Former deputy head of BIN says Taliban will imitate Saudi Arabia
Prince Mohammad bin Salman who runs the current government of Saudi Arabia
Netgenz - Politic International | Former deputy head of the State Intelligence Agency (BIN) and former deputy chairman of the Nahdlatul Ulama Executive Board (PBNU) As'ad Said Ali said Afghanistan under the control of the Taliban might implement a government system that imitates Saudi Arabia today. "Afghanistan under the Taliban will implement the implementation of Saudi Arabia's Islamic law under Prince (Prince) Mohammad bin Salman," As'ad said when contacted by CNNIndonesia.com, Thursday (2/9). As'negaraad explained, Saudi Arabia today is not as strict as it used to be in implementing Islamic law in its own interpretation of religion. He continued, the Taliban may follow Saudi Arabia which will no longer form an institution that is considered irrelevant at this time.
the ministry is Amar maru Nahi Munkar to oversee and force the public to comply with the Taliban's version of Islamic law. The rules for women in Saudi Arabia, As'ad added, were also relaxed. Women who wear headscarves by looking at the face and watching the show. "One day the Taliban will be like that (in governing the State of Afghanistan)," he said. As'ad even believes in the Taliban's claim that it will involve women in the current government, as an inclusive form of government." Because I believe because he (Taliban) needs money, international cooperation is needed, if there is no (women's involvement), it can't be done," he explained.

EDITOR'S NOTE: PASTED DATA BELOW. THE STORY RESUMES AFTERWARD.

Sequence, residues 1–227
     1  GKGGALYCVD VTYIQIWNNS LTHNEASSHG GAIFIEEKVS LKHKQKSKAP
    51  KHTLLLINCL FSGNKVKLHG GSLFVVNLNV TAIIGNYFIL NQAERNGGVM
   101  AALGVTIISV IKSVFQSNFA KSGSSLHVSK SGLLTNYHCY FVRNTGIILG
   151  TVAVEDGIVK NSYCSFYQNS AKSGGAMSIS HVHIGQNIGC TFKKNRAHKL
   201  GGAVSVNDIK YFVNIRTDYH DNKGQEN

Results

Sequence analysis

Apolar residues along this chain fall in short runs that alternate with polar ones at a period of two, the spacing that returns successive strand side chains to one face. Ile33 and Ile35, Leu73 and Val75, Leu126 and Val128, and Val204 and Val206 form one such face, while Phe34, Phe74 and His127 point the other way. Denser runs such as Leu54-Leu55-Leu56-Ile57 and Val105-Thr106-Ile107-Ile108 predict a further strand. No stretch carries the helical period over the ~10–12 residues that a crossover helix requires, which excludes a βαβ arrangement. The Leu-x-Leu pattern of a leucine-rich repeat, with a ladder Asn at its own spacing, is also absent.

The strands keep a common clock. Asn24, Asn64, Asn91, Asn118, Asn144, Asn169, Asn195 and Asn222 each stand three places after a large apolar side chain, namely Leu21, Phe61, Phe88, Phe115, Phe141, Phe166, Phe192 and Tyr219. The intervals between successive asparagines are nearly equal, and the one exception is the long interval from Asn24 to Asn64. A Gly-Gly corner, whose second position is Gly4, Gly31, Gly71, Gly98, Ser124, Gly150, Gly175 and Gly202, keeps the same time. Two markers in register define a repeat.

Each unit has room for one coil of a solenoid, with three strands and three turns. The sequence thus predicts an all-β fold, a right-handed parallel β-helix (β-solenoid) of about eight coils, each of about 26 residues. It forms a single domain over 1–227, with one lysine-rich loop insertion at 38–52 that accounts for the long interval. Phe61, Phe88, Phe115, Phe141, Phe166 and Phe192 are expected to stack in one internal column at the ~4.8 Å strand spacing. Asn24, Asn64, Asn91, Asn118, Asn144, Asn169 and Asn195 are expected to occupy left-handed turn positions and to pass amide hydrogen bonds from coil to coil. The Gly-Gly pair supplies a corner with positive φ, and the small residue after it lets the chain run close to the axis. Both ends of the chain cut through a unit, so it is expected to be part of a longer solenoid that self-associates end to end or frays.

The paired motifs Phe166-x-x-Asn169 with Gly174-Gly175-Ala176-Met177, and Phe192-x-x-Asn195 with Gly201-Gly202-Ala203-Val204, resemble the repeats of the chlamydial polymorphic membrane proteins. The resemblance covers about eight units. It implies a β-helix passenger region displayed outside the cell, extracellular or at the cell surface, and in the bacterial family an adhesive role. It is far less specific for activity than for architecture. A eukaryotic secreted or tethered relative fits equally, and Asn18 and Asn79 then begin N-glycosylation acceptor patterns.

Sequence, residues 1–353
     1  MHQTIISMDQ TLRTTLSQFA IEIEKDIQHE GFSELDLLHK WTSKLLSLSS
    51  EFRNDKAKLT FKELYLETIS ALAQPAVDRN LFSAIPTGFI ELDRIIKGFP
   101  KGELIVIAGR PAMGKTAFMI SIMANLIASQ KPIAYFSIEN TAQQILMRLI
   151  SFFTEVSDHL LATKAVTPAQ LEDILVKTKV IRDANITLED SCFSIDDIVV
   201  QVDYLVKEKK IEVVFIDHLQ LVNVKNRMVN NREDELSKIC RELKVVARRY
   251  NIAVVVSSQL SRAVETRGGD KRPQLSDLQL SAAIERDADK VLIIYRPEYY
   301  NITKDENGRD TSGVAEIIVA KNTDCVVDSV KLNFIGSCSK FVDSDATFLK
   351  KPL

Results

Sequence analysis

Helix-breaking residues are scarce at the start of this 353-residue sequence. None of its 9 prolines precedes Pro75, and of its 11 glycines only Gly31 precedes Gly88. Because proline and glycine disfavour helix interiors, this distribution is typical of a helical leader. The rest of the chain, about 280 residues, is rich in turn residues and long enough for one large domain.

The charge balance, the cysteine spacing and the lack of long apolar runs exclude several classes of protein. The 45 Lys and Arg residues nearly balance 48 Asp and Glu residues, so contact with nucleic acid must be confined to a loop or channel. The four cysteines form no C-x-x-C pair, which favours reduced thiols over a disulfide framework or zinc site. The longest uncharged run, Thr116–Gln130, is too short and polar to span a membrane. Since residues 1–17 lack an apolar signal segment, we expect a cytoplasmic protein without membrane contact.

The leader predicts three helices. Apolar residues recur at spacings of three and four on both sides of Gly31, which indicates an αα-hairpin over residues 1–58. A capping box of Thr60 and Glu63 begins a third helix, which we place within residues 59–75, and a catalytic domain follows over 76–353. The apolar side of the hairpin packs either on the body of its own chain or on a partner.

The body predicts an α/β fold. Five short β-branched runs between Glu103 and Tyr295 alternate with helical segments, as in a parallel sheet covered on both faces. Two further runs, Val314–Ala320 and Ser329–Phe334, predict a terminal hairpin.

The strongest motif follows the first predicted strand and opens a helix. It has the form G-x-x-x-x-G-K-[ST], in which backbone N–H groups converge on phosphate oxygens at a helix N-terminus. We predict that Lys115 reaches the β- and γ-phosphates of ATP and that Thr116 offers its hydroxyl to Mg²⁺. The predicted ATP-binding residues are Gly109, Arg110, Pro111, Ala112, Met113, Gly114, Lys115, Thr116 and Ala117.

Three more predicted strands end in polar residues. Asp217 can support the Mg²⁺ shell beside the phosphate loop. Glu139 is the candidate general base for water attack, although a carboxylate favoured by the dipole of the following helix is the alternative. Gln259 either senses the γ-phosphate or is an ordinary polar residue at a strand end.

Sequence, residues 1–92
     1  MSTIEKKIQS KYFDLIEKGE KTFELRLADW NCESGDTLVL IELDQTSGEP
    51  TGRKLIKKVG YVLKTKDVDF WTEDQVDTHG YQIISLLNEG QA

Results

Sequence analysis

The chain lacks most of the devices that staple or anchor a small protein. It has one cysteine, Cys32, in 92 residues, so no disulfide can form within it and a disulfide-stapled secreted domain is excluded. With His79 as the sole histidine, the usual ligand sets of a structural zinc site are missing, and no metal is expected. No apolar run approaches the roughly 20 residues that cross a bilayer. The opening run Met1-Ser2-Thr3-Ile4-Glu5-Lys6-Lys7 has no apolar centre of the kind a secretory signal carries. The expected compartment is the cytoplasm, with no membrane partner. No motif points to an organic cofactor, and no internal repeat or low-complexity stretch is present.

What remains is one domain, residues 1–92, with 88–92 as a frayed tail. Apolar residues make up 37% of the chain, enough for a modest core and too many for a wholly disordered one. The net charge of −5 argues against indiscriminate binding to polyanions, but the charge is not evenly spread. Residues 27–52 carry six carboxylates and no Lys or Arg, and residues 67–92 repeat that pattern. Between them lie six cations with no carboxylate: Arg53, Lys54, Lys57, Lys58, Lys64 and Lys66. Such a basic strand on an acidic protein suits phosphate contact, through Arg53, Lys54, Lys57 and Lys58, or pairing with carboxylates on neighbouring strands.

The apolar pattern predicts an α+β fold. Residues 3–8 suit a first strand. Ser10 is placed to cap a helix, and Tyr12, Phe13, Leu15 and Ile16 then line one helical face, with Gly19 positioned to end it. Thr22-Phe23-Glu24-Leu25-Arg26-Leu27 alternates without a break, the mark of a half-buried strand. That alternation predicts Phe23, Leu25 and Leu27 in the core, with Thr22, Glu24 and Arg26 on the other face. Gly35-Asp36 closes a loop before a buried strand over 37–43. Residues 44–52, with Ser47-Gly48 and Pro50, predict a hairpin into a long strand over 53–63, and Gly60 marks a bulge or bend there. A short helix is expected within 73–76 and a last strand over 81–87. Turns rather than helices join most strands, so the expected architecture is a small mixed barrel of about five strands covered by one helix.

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Today, in Afghanistan there are no more foreign troops pacing back and forth. The last US military plane took off from Kabul on Monday (30/8) evening local time. Meanwhile, other foreign troops had already arrived in their respective countries. After the foreign troops left, according to As'ad, the challenge faced by the Taliban was how to improve the welfare of their people and no longer carry out jihad. "The challenge is how the welfare of the people in a very poor situation," said As'ad. When the Taliban took power, the economy in Afghanistan was crippling. Many lots have closed, currencies have plummeted, and fuel prices have soared. Anticipating an acute economic crisis, the Taliban ordered to work a maximum of US $ 200 or Rp. 2.8 million in a week. When Afghanistan was still led by Ashraf Ghani, in September 2019, he had talks with the Taliban when they visited Indonesia. I'd told the Taliban representative, "You make peace, otherwise, you have to lose momentum," As' recalled facing the meeting.
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in a country now controlled by the Taliban, there is the Afghan NU organization. It has more or less the same values as NU in Indonesia. Such as tawasuth or moderation, tasamuh or tolerance, and tawazun the middle way. According to As'ad's explanation, the NUA only exists in two provinces in Afghanistan. As long as they are standing, they can approach the Taliban from the Akhundzada group.